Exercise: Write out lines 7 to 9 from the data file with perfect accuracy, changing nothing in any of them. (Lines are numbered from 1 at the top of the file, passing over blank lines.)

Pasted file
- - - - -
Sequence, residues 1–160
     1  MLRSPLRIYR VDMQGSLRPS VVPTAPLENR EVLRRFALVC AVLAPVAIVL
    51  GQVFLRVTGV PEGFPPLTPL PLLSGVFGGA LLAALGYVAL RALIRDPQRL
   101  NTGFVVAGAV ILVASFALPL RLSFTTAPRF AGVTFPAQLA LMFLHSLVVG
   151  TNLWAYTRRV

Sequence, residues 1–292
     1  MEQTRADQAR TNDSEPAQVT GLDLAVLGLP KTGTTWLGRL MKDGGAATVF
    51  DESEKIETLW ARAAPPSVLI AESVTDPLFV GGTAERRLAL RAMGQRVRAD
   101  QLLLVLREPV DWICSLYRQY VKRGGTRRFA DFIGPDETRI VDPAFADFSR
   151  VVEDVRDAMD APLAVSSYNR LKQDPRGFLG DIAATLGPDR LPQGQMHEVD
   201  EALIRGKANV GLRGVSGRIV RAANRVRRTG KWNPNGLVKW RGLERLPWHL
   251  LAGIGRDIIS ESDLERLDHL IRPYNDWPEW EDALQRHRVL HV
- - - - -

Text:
     1  MEQTRADQAR TNDSEPAQVT GLDLAVLGLP KTGTTWLGRL MKDGGAATVF
    51  DESEKIETLW ARAAPPSVLI AESVTDPLFV GGTAERRLAL RAMGQRVRAD
   101  QLLLVLREPV DWICSLYRQY VKRGGTRRFA DFIGPDETRI VDPAFADFSR